At the same time, however, conceptual instruments of biology have entered the public discourse, arts and neighboring disciplines. Darwin's language, for instance, influenced through Spencer, the political imagination of the late nineteenth-early twentieth centuries; the concepts of organism or tissue were employed in fields like sociology or architecture. Through their linguistic restrains, some concepts have been retained in some languages but not in others: the concept of milieu, for instance, is widely employed in French and German, but the use of this term remains limited in other languages – having different terms denoting the same concept alters its connotations and thus the concept itself. The conceptual and terminological trajectories of the language of bacteriology and the language of politics were diametrically different between, for example, German and French, despite parallel scientific backgrounds – while the first was militant, the second remained pacifistic. The borrowings of biological concepts and vocabulary thus remain largely language-based, developing distinct, partially divergent trajectories.
In our conference we plan to look more closely at the development of biological vocabulary and concepts and their implementation in different linguistic environments. Our particular interest is to observe the sharpening and distinctions they experienced during the transition from one language to another, with respect to disciplinary, social and vernacular languages.
* What trajectories did the terms oscillating between biology and non-biological fields of knowledge follow? Was this a one-way movement, or did it remain reciprocal, with terms/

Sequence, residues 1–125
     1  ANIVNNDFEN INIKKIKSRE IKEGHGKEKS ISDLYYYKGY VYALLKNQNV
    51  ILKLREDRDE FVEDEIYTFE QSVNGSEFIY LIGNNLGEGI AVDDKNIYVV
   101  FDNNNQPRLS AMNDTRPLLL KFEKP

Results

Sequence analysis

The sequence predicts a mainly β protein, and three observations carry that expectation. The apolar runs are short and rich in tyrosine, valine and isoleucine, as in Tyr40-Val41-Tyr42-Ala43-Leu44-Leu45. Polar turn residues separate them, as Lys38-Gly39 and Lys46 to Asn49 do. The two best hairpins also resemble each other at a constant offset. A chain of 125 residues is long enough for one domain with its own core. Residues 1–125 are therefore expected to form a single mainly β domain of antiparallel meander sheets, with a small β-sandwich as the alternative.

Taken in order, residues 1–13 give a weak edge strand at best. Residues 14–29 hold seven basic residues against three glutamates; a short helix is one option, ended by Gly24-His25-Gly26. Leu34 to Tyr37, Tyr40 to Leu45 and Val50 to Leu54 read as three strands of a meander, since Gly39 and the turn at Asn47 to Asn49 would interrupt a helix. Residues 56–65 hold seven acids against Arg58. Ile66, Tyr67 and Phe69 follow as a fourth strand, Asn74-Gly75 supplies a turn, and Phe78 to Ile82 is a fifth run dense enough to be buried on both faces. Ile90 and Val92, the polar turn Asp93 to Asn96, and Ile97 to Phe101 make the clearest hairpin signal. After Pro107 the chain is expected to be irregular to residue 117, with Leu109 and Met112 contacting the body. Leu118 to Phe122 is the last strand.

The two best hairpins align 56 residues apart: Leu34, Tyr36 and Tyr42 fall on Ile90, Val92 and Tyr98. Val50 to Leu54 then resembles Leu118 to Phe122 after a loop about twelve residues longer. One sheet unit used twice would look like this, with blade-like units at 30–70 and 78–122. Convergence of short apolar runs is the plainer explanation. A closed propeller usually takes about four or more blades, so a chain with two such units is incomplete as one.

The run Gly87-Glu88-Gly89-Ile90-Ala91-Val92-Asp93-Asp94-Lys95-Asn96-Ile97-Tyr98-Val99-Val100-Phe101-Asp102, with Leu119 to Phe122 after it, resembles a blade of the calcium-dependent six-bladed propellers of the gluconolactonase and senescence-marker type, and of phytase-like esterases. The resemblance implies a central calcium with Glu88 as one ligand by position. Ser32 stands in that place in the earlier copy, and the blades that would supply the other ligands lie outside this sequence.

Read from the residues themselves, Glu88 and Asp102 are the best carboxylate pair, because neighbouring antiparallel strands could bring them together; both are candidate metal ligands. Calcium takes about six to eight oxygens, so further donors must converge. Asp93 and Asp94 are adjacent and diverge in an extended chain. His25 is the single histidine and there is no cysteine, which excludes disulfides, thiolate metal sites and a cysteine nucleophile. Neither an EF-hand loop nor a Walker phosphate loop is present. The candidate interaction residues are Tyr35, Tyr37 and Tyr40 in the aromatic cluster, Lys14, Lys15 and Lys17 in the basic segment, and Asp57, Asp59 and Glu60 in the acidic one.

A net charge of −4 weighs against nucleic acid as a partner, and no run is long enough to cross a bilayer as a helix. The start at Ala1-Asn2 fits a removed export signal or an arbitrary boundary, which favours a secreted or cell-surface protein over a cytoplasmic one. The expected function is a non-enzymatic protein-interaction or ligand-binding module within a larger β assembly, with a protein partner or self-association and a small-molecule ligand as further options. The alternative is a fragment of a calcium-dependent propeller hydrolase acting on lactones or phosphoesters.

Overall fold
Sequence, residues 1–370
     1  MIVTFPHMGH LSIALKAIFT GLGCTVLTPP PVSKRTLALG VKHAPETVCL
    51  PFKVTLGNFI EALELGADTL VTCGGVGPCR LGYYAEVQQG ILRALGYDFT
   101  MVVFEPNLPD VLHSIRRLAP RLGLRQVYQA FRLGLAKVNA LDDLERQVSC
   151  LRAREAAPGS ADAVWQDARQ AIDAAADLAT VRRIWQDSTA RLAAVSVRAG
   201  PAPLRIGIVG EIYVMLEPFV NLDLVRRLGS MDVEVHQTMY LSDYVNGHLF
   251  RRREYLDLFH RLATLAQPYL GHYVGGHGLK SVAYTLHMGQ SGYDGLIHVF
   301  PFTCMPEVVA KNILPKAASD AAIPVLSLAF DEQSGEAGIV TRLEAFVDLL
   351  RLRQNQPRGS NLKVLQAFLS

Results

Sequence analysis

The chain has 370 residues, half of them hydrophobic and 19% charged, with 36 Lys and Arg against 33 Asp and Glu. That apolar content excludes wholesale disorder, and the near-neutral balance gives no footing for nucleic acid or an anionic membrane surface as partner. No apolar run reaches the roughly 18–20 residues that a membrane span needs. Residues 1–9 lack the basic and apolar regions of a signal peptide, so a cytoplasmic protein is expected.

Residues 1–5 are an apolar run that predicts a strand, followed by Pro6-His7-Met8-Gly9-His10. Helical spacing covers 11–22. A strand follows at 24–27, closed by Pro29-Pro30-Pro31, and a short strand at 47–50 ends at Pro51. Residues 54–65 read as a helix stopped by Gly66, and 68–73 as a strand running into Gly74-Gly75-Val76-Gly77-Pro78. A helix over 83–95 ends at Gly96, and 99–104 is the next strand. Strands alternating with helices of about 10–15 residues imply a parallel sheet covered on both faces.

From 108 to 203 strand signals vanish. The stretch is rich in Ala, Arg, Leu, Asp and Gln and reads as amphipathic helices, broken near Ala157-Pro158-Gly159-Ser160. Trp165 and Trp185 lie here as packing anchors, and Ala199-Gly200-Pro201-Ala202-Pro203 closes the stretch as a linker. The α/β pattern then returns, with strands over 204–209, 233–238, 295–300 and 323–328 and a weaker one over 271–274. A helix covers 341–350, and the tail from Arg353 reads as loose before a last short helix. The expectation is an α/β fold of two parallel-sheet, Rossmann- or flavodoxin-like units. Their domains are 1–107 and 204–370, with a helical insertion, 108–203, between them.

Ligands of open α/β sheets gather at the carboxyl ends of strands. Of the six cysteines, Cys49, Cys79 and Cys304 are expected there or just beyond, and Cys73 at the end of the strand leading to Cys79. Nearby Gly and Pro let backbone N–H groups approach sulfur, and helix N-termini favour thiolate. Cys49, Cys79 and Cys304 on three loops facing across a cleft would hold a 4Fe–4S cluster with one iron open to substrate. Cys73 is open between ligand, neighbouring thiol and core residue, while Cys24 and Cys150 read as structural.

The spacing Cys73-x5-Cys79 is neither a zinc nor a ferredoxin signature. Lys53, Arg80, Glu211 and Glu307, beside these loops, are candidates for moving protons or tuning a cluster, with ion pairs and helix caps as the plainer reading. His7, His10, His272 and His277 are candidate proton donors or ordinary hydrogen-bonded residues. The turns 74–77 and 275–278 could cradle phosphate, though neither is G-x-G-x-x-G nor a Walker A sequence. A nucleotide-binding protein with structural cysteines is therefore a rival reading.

concepts remaining interdependent in different languages?
* How did the process of translation change the original terms/concepts, e.g. by making their shortcomings, constraints or one-language-dependence visible?
* In which ways did the authors and translators justify their choices when retaining or altering the terms? How conscious was the process of terminological alteration or retention by conceptual borrowing? How was its role and possible consequences perceived?
* To what extent did the vernacular language influence the textuality of biology? Were vernacular and popularizing concepts filtered out or were they retained in the course of disciplinary development? How did this process change with the ongoing process of the internalization of sciences?
* To what extent did the textual/conceptual borrowings and consequently changed meanings and redefinitions play a role as auxiliary tools in re/conceptualizing scientific discoveries and theories?
The organizers are particularly interested in comparative and trans-lingual approaches.
Postgraduates are particularly encouraged to submit proposals for twenty-minute papers. The languages of the conference are English and German. Travel and accommodation costs will be covered by the organizers. The organizers plan to publish a selection of papers from this conference.
Please e-mail a short abstracts or proposals with a brief CV to:
Jan Surman ([log in to unmask]) by 30. June 2012.
Successful applicants will be notified by 15. July.